Hubbard v. The Dial Corporation et al

Filing 12

ORDER granting 6 motion to remand. Signed on 8/1/17 by Chief District Judge Greg Kays. (Strodtman, Tracy)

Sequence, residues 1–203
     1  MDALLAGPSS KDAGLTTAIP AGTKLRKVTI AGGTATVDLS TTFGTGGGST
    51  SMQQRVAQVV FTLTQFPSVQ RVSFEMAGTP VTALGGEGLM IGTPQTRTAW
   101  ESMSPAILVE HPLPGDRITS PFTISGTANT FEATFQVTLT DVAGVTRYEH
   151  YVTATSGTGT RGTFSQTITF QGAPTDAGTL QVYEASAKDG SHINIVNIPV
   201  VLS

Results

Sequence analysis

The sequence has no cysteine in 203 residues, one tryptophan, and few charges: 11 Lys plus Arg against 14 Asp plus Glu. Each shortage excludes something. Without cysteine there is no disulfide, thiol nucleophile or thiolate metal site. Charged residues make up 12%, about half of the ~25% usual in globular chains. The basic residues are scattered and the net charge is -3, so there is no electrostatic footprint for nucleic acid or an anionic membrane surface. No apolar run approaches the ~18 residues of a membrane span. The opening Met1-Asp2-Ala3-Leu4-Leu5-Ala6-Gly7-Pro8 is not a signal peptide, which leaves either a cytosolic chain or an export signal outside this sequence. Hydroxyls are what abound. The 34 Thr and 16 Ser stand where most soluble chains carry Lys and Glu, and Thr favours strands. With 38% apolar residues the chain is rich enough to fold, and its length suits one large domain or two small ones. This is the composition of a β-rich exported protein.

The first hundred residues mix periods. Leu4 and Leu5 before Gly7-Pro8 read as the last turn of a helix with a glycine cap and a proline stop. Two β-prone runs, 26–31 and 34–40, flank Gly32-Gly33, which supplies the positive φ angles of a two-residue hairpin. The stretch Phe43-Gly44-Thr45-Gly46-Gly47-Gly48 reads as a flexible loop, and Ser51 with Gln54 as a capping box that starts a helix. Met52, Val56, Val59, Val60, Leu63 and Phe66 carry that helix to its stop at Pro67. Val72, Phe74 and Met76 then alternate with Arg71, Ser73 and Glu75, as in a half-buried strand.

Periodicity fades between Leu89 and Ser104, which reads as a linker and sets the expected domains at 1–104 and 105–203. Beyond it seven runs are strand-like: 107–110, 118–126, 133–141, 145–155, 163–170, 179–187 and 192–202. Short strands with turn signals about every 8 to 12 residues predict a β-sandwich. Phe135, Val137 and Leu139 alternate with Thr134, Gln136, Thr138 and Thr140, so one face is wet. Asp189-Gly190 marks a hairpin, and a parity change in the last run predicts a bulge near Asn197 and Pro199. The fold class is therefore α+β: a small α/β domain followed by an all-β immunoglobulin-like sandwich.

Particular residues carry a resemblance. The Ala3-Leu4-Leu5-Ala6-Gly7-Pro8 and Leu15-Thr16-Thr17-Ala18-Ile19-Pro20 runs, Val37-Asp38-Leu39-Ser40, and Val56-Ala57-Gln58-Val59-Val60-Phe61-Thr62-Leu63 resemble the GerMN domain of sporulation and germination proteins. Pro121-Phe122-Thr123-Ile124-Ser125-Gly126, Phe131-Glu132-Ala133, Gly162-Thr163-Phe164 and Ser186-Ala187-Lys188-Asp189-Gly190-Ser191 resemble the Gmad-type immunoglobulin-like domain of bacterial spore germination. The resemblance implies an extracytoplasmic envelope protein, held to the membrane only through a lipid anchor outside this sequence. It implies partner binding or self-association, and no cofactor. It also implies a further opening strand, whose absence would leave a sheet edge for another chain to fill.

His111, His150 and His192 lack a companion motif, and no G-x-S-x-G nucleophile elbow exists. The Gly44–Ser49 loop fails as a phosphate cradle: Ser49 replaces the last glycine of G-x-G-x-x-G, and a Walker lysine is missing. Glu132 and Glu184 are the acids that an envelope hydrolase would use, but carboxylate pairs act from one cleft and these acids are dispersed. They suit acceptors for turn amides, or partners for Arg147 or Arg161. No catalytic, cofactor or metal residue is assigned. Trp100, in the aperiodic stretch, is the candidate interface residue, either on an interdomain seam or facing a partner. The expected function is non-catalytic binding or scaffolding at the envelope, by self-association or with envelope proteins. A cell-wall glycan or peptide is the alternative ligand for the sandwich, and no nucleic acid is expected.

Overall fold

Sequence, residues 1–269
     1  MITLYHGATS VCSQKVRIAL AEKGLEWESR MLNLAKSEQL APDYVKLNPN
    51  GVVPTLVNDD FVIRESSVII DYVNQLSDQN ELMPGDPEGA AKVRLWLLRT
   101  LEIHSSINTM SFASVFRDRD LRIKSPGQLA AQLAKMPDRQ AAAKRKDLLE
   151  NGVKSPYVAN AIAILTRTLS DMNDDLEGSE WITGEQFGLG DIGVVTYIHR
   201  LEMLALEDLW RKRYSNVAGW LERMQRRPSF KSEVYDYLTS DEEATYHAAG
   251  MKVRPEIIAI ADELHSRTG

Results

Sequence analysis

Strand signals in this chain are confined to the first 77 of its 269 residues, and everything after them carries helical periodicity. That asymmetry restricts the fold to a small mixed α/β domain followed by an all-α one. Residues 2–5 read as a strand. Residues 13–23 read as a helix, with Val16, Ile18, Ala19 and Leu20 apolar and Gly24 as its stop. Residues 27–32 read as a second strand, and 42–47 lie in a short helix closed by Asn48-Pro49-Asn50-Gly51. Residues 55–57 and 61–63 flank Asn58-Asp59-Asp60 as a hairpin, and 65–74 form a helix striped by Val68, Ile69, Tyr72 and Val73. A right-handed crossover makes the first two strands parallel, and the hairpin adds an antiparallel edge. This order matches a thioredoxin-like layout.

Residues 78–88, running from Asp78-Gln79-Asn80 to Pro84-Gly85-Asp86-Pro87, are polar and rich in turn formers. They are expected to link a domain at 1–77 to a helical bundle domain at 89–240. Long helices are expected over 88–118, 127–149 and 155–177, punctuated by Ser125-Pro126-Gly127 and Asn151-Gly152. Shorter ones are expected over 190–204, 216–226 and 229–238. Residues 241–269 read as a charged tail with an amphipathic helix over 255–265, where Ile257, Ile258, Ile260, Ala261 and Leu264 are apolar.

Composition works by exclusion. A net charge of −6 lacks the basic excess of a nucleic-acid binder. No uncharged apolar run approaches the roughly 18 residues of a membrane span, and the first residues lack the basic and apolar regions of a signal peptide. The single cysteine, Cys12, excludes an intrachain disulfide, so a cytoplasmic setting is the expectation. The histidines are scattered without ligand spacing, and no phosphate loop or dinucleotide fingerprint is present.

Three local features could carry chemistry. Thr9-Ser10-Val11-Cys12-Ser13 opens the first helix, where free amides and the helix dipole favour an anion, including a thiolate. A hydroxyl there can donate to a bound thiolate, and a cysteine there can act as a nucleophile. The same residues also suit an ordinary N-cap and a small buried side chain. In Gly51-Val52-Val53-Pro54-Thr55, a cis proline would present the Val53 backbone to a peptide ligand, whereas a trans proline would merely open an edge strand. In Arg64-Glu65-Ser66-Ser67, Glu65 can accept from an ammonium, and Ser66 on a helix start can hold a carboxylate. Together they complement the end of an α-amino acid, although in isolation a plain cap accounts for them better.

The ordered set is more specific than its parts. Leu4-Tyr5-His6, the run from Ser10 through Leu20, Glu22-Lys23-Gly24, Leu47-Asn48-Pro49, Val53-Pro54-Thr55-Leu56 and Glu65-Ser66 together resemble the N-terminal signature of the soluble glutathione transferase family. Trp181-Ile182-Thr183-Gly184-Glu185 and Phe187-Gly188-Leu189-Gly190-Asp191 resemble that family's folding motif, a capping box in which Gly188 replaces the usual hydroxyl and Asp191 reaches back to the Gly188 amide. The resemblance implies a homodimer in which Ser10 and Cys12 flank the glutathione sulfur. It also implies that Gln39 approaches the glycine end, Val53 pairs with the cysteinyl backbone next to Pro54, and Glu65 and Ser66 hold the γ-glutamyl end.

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IN THE UNITED STATES DISTRICT COURT FOR THE WESTERN DISTRICT OF MISSOURI WESTERN DIVISION SHA’DARIUS HOUSLEY, by and through his Next Friend, William Hubbard, Plaintiff, v. THE DIAL CORPORATION, a Henkel Company, AND DOMINIQUE HOUSLEY, Defendants. ) ) ) ) ) ) ) ) ) ) ) No. 4:17-CV-00577-DGK ORDER GRANTING MOTION TO REMAND This lawsuit arises out of an accident where Plaintiff, a minor who suffers from mental and physical disabilities, ingested a Purex Ultrapack laundry pod while at his mother Defendant Dominique Housley’s (“Housley”), house and under her supervision. Plaintiff alleges as a result of ingesting the laundry pod, he suffered serious health complications. On May 13, 2016, Plaintiff filed suit against The Dial Corporation (“Dial”) for product liability and Housley for negligent supervision, in the Circuit Court of Jackson County, Missouri. Defendant Dial removed this case by invoking the Court’s diversity jurisdiction, 28 U.S.C. §§ 1332, 1441, and 1446, claiming Plaintiff fraudulently joined Missouri resident Housley to prevent removal. Now before the Court is Plaintiff’s Motion to Remand (Doc. 6). Finding Plaintiff may be able to maintain a cause of action for negligence against Housley, the Court holds Dial has not proven fraudulent joinder. Consequently, the motion is GRANTED. Background The state court petition alleges the following. Plaintiff is a minor child who suffers from mental and physical disabilities. While Plaintiff was at Housley’s home, he gained access to a container of laundry pods and ingested one or more of them. As a result, he sustained injury to his trachea and airway. Due to his pre-existing disability, this new injury caused additional injuries to his neurologic, respiratory, gastrointestinal, and vascular systems. On May 13, 2016, Plaintiff filed suit in the Circuit Court of Jackson County, Missouri, against Dial alleging claims of product liability, and Housley for negligent supervision. Dial, a foreign corporation, then removed the action to this Court on July 13, 2017, based on the Court’s diversity jurisdiction. At all times relevant to this suit, Plaintiff and Housley were residents of Missouri. In its notice of removal, Dial alleged Housley was fraudulently joined in order to destroy diversity, and but for that fraudulent joinder, this Court possesses diversity jurisdiction over the suit. Because this alleged improper joinder destroys complete diversity of citizenship, Dial requests the Court disregard Housley’s citizenship when determining whether it possesses subject matter jurisdiction over this case. Additionally, Dial argues their Notice of Removal was timely because Plaintiff acted in bad faith concealing information with which Dial could ascertain that the case was removable, and therefore the one year limitation in 28 U.S.C. § 1446(b)(3) is inapplicable. In response, Plaintiff argues Housley was properly joined as a person subject to liability under Missouri law. Standard of Review An action may be removed by the defendant where the case falls within the original jurisdiction of the district court. 28 U.S.C. § 1441(a). If the case is not within the original 2 subject matter jurisdiction of the district court, the court must remand the case to the state court from which it was removed. Id. § 1447(c). To invoke the court’s diversity jurisdiction the parties must be citizens of different states and the amount in controversy must exceed $75,000. Id. § 1332(a). Complete diversity between the parties is required; the presence of a single plaintiff from the same state as a single defendant extinguishes federal jurisdiction. Exxon Mobil Corp. v. Allapattah Servs., Inc., 545 U.S. 546, 553 (2005). The burden of establishing federal jurisdiction is on the party seeking removal. In re Bus. Men’s Assurance Co. of Am., 922 F.2d 181, 183 (8th Cir. 1993). In considering a motion to remand, removal statues are strictly construed, and the court resolves all doubts in favor of remand. Transit Cas. Co. v. Certain Underwriters at Lloyd’s of London, 119 F.3d 619, 625 (8th Cir. 1997). “Fraudulent joinder occurs when a plaintiff files a frivolous or illegitimate claim against a nondiverse defendant solely to prevent removal.” In re Prempro Prod. Liab. Litig., 591 F.3d 613, 620 (8th Cir. 2010) (quoting Filla v. Norfolk S. Ry. Co., 336 F.3d 806, 809 (8th Cir. 2003)). “Under the doctrine of fraudulent joinder, a court may disregard the citizenship of a non-diverse defendant who was frivolously joined in an effort to defeat removal.” In re Genetically Modified Rice Litig., 618 F. Supp. 2d 1047, 1052 (E.D. Mo. 2009). Discussion Dial has the burden to demonstrate diversity exists in this case. It can only do so by showing diversity spoiling defendant Housley was fraudulently joined. If Housley was fraudulently joined, the Court must then determine whether Dial timely removed this action to federal Court. 3 Dial argues Housley was fraudulently joined primarily because it claims Plaintiff has no real intention of prosecuting his claim against Housley. Dial points to a series of circumstances it alleges demonstrates collusion between Housley and Plaintiff. For example, Plaintiff’s counsel represented Housley and her husband regarding Plaintiff’s ingestion of the laundry pod before Plaintiff filed this case. In addition, Dial asserts Plaintiff has not actively litigated his case against Housley. For example: Plaintiff did not serve discovery on Housley; Plaintiff did not notice Housley for a deposition; during Dial’s deposition of Housley, Plaintiff did not ask any questions of Housley; and Plaintiff filed motions in limine to prevent Dial from introducing evidence regarding Housley’s fault, which would be favorable to Plaintiff’s claim against Housley. Dial also asserts Housley has no intention of defending herself in this case. For example: Housley did not assert any affirmative defenses in her answer to Plaintiff’s petition; she did not serve Plaintiff with any discovery requests; and Housley filed a motion to strike Dial’s expert witness whose testimony was expected to reduce the potential damages for which Ms. Housley could be liable. Also notable, during Dial’s deposition of Housley, Housley stated she did not know what she was accused of doing as it related to the lawsuit, and that she did not know what it meant to be a defendant in the lawsuit. Based on this, Dial claims Housley is really a plaintiff in this case and not a defendant. Plaintiff contends he is actively litigating this case against Housley, but that fact is immaterial to the issue of remand. As to remand, Plaintiff asserts the negligent supervision count in his petition against Housley has a reasonable basis in law and fact, thus, Housley was properly joined in this lawsuit. 4 Since the Eighth Circuit does not consider a plaintiff’s intention of prosecution and a Missouri court might impose liability on Housley for negligence, the Court holds Housley was not fraudulently joined in the lawsuit. The Court first addresses the factors considered in determining whether a diversity destroying defendant is fraudulently joined. Joinder is fraudulent where “the applicable state precedent precludes the existence of a cause of action against the defendant.” Filla, 336 F.3d at 810. “However, if there is a colorable cause of action—that is, if the state law might impose liability on the resident defendant under the facts alleged—then there is no fraudulent joinder.” Id. at 810-11 (citation omitted) (emphasis added). Thus, “joinder is fraudulent when there exists no reasonable basis in fact and law supporting a claim against the resident defendants.” Id. at 811 (quoting Wiles v. Capitol Indem. Corp., 280 F.3d 868, 871 (8th Cir. 2002)). Dial relies on Reeb v. Wal-Mart Stores, Inc., 902 F. Supp. 185, 187 (E.D. Mo. 1995), to argue fraudulent joinder can also be established if the “court finds the plaintiff has no real intention of prosecuting the action against the resident defendant.” Def’s. Sugg. in Supp. at 11 (Doc. 10). However, the Filla court did not include consideration of the plaintiff’s intention to follow through with claims against the resident defendant. Filla only analyzed fraudulent joinder with respect to the reasonable basis for the claim against the resident defendant under state law. See, e.g., Knudson v. Systems Painters, Inc., 634 F.3d 968, 980 (8th Cir. 2011) (“[J]oinder is not fraudulent where ‘there is arguably a reasonable basis for predicting that the state law might impose liability based upon the facts involved.’” (quoting Filla, 336 F.3d at 811)). Dial also argues Filla articulates only one aspect of the fraudulent joinder standard. It cites to Aguayo v. AMCO Ins. Co., 59 F. Supp. 3d 1225 (D.N.M. Oct. 31, 2014), to support their argument fraudulent joinder can also exist when “a plaintiff collude[es] with a non-diverse 5 defendant to defeat removal.” Aguayo, 59 F. Supp. 3d at 1251. Aguayo is not binding authority on this court. In addition, Filla seems to articulate the entire fraudulent joinder standard in the Eighth Circuit, not one aspect of it as Dial argues.1 Accordingly, the Court will not apply the “no real intention of prosecuting the action” element in finding fraudulent joinder from Reeb, or consider whether Plaintiff colluded with Housley under Aguayo, but instead will utilize the approach applied in Filla and the other more recent Eighth Circuit decisions. Next, the Court must determine whether there is a reasonable basis for the claim against Housley, that is, whether a minor child could maintain a cause of action against his mother for negligent supervision. Negligent supervision of a child is a recognized cause of action in Missouri. E.g., Smith, by & through Smith v. Archbishop of St. Louis on behalf of Archdioceses of St. Louis, 632 S.W.2d 516, 522, 532, n.2 (Mo. Ct. App. 1982) (outlining the elements of negligent supervision); O.L. v. R.L., 62 S.W.3d 469, 474 (Mo. Ct. App. 2001) (explaining the difference between negligent supervision of a child and negligent supervision of an adult). Since the abrogation of parental immunity, a minor child may maintain a negligence cause of action against his parent. Hartman by Hartman v. Hartman, 821 S.W.2d 852 (1991) (abrogating parental immunity and imposing a reasonable parent standard). Thus, under Missouri law, a minor child could maintain a cause of action against his parent for negligent supervision. Missouri courts explain the duty of care in negligent supervision of a child includes protecting the child against harm by instrumentalities or conditions of land or personal property. 1 “Where applicable state precedent precludes the existence of a cause of action against a defendant, joinder is fraudulent. . . . Conversely, if there is a reasonable basis in fact and law supporting the claim, the joinder is not fraudulent. . . . [T]he court must simply determine whether there is a reasonable basis for predicting that the state’s law might impose liability against the defendant.” Filla, 336 F.3d at 810-11. 6 See Smith, 632 S.W.2d at 518-19 (child injured when costume set afire by burning candle on teacher’s desk). The duty of care also includes protecting the child from self-imposed injury. See Rogger v. Voyles, 797 S.W.2d 844, 846 (Mo. Ct. App. 1990) (13-year-old child drove automobile and lost control). “Proof of the necessary predicate relationship [between the child and tortfeaser], . . . establishes . . . the existence of a duty of care.” O.L. 62 S.W.3d at 475. Here, a reasonable basis in fact and law exists to support Plaintiff’s claim of negligent supervision against Housley. The petition claims Housley is Plaintiff’s mother, she breached her duty to exercise ordinary care, thereby causing Plaintiff’s injuries. It is reasonable under Missouri negligence law that a court may impose liability on a parent for failing to use reasonable care in the supervision of her child. Thus, this Court cannot conclude Plaintiff fraudulently joined Housley to this suit since a reasonable basis exists to support this claim.2 For purposes of diversity, Housley’s citizenship is not ignored, and diversity is not met under 28 U.S.C. § 1332(a), making remand proper. Even if the Court were unsure whether Plaintiff properly presented a claim against Housley, any ambiguity or doubt as to whether removal was proper warrants remand. Finding the Court lacks diversity jurisdiction, the Court does not address the parties’ arguments as to whether Dial timely removed this action. Conclusion Because a Missouri court might impose liability on Housley for negligence, Dial has not carried its heavy burden of proving fraudulent joinder. Housley’s continued presence in this lawsuit destroys complete diversity of citizenship, thus subject matter jurisdiction does not exist under 28 U.S.C. § 1332. Accordingly, Plaintiff’s Motion is GRANTED, and this case is remanded to state court pursuant to 28 U.S.C. § 1447(c). 2 The facts surrounding the initiation of this lawsuit and vigor with which Housley has defended herself, create a concern for the Court. 7 IT IS SO ORDERED. Date: August 1, 2017 /s/ Greg Kays GREG KAYS, JUDGE UNITED STATES DISTRICT COURT 8